The more conversations I have with concerned and distraught parents with children living with mental health issues, the more I appreciate how difficult it is growing up in today’s world. I’m sure every generation says the same, but it’s tough to hear the stories of children who don’t feel like they fit in with the ‘standards of perfection’ this generation live by.
From my own experiences, I know it was hard enough comparing myself to images portrayed by the magazine covers, movies, tv programmes and the fashion models of the 80′ and 90’s. In my teenage years, I remember having negative thoughts about myself, my body, my weight, my appearance and sometimes even my life. Questioning and comparing myself were an everyday occurrence. Every time I look at a magazine, the first fleeting thought is ‘why can’t I look like this’.
Social media allows us to report and edited ‘real life’ on a daily basis. Comparing myself to the unrealistic world of the rich and famous or even the lives shared on social media does not make me feel good. But everyone can now present as ‘perfect’ on a world wide social media platforms, with edited or staged photos, telling the more exciting version of the story.
This masking of reality, only sharing the glamorous side of life is warping our perception of what real life is all about – friends, family, ups and downs, celebrations and commiserations. This reinforces the message that perfection is the only acceptable image. But the reality is “I AM Who I AM”. Real life, the one we live, cannot be lived through a filter or edited to for a better story.
Imperfection is perfection – we all have something to offer the world. If ever there was an illusion, perfection is it. Many people are in the pursuit of perfection – the perfect body, the perfect home, the perfect children, the perfect relationship. But at every turn they are disappointed because this just doesn’t exist, and it cannot exist.
Life is full of mistakes, and lessons to be learned.
This obsession with achieving perfection is creating a culture of failure, shame, guilt and exclusion. There is a huge ripple effect on the family when a child or any family member is living with mental health. It can be such stressful environment where everyone is finding ways to cope to get through the day. This irrational way of collecting coping strategies doesn’t always leave room for productive positive coping strategies.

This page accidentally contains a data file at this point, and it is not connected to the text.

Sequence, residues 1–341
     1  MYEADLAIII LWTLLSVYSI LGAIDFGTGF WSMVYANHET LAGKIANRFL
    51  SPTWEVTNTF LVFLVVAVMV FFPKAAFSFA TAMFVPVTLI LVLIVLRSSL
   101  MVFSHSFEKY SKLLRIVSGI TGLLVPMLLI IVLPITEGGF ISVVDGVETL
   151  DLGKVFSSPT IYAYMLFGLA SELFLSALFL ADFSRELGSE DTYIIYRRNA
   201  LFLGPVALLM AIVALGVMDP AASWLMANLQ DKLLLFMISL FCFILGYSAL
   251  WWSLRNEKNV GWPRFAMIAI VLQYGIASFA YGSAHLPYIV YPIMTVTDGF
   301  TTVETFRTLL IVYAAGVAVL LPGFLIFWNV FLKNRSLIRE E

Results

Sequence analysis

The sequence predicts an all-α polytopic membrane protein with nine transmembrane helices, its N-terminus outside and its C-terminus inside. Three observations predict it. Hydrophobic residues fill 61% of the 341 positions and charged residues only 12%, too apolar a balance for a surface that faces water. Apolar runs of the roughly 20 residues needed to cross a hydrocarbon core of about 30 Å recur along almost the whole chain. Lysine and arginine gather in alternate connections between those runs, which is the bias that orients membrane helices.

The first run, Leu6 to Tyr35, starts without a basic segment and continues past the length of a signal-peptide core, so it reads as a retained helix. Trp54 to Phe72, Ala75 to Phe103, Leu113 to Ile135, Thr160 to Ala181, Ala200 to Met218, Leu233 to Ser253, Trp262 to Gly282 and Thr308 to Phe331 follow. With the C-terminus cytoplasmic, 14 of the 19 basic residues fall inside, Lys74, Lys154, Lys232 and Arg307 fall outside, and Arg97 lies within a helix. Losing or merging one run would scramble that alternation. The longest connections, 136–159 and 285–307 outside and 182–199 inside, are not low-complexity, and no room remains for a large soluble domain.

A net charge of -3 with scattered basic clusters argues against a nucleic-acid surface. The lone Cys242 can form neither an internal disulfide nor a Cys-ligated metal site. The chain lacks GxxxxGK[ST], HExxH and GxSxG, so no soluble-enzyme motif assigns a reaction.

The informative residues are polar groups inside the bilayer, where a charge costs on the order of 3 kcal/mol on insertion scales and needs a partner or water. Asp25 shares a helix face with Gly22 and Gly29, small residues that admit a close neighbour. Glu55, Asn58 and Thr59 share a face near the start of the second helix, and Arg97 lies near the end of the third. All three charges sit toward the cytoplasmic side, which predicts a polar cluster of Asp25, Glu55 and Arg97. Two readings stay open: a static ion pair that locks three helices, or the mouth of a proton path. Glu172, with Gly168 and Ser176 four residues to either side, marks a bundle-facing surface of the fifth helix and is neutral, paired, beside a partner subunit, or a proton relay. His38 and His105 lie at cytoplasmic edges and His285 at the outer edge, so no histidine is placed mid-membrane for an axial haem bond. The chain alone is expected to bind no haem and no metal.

Human beings are complex, any relationship with two or more people has the potential to be dysfunctional or problematic. Negative messages are going to slip through to children, mistakes will be made by parents and adults, children will see and hear negative things that impact their self perception. These result in an inability to recognise, let alone achieve their true potential.
In fact, we are all succeeding every day in our own ways. We just don’t recognise these victories as successes. However, we can be taught to rationalise and organise our emotions and thoughts, therefore limit the impact on self worth and become limitless. Working with clients who engage in the process, seeing and hearing their achievements every session is so inspiring. They come from a place of hopelessness and feeling powerless, to conquering their mental health. It’s like a ripple in a pond that touches everything around them.
Give children the gift of a healthy body and healthy mind.
Teach them to love who they are, help them experience everything life has to offer, say no sometimes, demonstrate life’s ups and downs and teach them how to deal with them. Life will tell them no sometimes, life won’t be perfect. Life will challenge them, and give them skills to get over the challenges.
Open their minds, open their hearts, open their eyes to the world around them, one that they can be a part of and live with fulfillment.